The select button on the PS3 controller has been replaced with a new Share button on the PS4 controller. The Share button lets you share your game moments with friends – or foes. When pressed you can share a video or a photo on social media (you have to opt in first), but you can also livestream your gameplay through Twitch.tv or Ustream. You just need a user.

The PS4 automatically saves the last 15 minutes of gameplay, so if you want to share something cool that happened a few minutes ago, you can do that. We experienced some issues when trying to jump into other gamers’ livestreams, but we guess that is just early day server issues. We are confident that these issues will be resolved quickly.

Lastly, there is the light bar. So, yeah, it is there and it lights up. Some games use it to indicate health, going from green to red with intermediate steps. When charging your controller through the PS4 it glows orange. We did not have the PlayStation Camera, but we understand that the camera can also detect the light and let you move around a map in for example Assassin’s Creed by moving the controller around in the air. We guess it has some potential, but during our time with PlayStation 4 we felt it was a bit gimmicky.

PlayStation 4 review


The PS4 controller charges through the mini USB port on top. It means that you can charge it through a PC or with a phone charger, but naturally also from the PS4 console. And it can charge even when the PS4 is in stand-by! (!).

The PS4 controller is amazing, truly great, but there is just one problem. Battery life. We found that it has juice to run for a little more than 10 hours of mixed use, 50 % gaming, some movies watching and some menu hopping. It was never turned off during this period, but you can make it automatically go to sleep after some time with the menu settings. 10 hours is not horrible, it is close to full day of gaming, but we would have liked more – especially because the PS3 controller did much better in this regard. If you go all-in on gaming it dies after 7-8 hours.

Power consumption

Powered off 0.3 W
Standby 7 W
Standby (downloading/installing) 72 W
Normal (Blu-ray & TV apps) 90-95 W
Gaming 110-130 W


The PlayStation 4 has a stand-by mode and a fully powered off mode. The stand-by mode can automatically install system and game updates. When the PS4 is downloading or installing new updates or games power consumption jumps to 72 W. When it is idle power consumption goes to 7W, which is still fairly high for stand-by.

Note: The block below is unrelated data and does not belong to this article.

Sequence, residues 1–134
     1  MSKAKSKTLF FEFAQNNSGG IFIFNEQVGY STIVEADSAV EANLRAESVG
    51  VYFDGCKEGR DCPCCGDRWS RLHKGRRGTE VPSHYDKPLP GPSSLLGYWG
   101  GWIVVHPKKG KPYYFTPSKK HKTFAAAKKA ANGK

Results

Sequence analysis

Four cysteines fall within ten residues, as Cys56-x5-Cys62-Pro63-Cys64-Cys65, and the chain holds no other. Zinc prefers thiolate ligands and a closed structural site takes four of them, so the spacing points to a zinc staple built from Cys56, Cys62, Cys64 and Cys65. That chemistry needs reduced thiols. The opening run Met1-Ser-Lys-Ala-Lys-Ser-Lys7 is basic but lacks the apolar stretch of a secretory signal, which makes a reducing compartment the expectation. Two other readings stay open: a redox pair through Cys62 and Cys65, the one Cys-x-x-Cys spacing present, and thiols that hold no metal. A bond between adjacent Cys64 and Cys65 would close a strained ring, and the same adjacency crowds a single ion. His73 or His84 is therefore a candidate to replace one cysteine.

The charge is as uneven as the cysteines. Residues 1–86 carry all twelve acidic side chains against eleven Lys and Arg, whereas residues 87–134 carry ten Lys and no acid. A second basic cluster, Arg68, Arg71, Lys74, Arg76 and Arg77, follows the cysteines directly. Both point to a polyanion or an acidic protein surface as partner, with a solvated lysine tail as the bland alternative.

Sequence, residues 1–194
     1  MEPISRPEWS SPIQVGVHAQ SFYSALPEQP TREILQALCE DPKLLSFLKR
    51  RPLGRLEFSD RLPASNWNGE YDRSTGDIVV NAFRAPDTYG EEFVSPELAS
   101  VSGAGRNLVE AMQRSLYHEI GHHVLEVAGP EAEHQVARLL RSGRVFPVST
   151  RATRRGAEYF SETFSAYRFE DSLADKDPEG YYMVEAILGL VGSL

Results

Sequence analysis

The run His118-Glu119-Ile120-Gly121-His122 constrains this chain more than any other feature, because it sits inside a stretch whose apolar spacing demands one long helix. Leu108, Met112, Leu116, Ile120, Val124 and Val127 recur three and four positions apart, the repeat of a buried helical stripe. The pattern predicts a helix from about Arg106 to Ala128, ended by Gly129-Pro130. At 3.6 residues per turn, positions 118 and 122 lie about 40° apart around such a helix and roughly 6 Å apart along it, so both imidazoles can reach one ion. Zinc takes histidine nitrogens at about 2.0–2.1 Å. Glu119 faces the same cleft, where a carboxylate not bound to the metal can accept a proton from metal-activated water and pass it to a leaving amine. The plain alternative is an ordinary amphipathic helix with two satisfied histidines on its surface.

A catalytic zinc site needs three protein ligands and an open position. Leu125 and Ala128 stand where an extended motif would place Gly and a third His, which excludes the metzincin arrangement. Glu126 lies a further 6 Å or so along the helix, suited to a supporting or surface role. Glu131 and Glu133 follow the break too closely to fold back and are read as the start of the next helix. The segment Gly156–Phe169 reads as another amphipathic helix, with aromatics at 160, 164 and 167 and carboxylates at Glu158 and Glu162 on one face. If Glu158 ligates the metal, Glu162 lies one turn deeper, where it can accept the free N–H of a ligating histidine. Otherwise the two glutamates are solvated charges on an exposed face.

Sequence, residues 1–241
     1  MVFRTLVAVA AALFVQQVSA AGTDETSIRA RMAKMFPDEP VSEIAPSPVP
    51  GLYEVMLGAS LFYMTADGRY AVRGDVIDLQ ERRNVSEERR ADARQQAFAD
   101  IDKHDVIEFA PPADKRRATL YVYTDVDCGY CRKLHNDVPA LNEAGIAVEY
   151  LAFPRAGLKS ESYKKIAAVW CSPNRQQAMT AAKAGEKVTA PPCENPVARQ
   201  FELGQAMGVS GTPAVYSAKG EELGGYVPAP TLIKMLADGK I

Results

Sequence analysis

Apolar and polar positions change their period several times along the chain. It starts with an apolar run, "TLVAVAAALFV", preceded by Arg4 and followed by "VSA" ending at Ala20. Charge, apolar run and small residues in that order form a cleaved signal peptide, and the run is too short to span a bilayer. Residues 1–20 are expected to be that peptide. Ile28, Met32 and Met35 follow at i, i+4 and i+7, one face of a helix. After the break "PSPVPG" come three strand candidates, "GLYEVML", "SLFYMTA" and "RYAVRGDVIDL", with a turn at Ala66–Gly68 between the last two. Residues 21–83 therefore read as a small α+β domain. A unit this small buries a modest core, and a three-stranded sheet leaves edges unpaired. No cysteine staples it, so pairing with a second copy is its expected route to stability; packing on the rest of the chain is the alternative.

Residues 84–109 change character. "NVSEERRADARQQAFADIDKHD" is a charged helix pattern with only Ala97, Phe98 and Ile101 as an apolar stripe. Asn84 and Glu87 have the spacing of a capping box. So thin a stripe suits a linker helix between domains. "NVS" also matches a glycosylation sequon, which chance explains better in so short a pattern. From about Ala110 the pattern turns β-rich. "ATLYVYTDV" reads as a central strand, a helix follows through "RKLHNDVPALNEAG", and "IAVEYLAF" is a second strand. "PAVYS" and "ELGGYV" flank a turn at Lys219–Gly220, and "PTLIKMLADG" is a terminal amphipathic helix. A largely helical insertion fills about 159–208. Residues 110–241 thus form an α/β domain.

The PlayStation user interface

When we powered the PlayStation 4 on for the first time we were asked to quickly run through some setup steps. It takes only a few minutes where you have to select your language, log into your PSN account and so on. It is easy if you can remember your PSN password – we couldn’t. You are asked to install the launch-day update. Without it the box is pretty much a brick. For us it installed very, very fast. We guess it started downloading in the background as soon as we connected to our WiFi network during setup, and continued while we tried to reset our password for PSN. It was ready to install almost instantly.

The PS4 user interface looks different than on the PS3. It starts up with a few relaxing tones and goes to some spacey, relaxing ambient tones afterwards. Sony no longer calls it Xross, but it is still based on a horizontal line of elements that you can scroll through, layered on top of a deep blue background. Pretty much everything you can do from the beginning, even browse the web, requires you to log into PSN.

You can use your existing ID or create a new one, and decide to show your real name to your best friends. Your user is now linked to the controller (and other users to other controllers). You can obviously change that, but it is a cool detail. You can also log in at friend’s houses. You are automatically logged out when you leave.

PlayStation 4 review


We dived into the deep blue and quickly got familiar with the navigation. It is fairly logical. You have two rows, the top one has all the settings menus (and the PSN store), and the main one comprises all your games, TV apps and services. The more you install the longer the horizontal menu gets. Scroll to one of your games and you can press down for more information, game trailers, friends’ activity, livestreaming and addons/DLC. When you scroll down and dive deeper into the games, for example while installing, the screen background changes to a game-specific theme.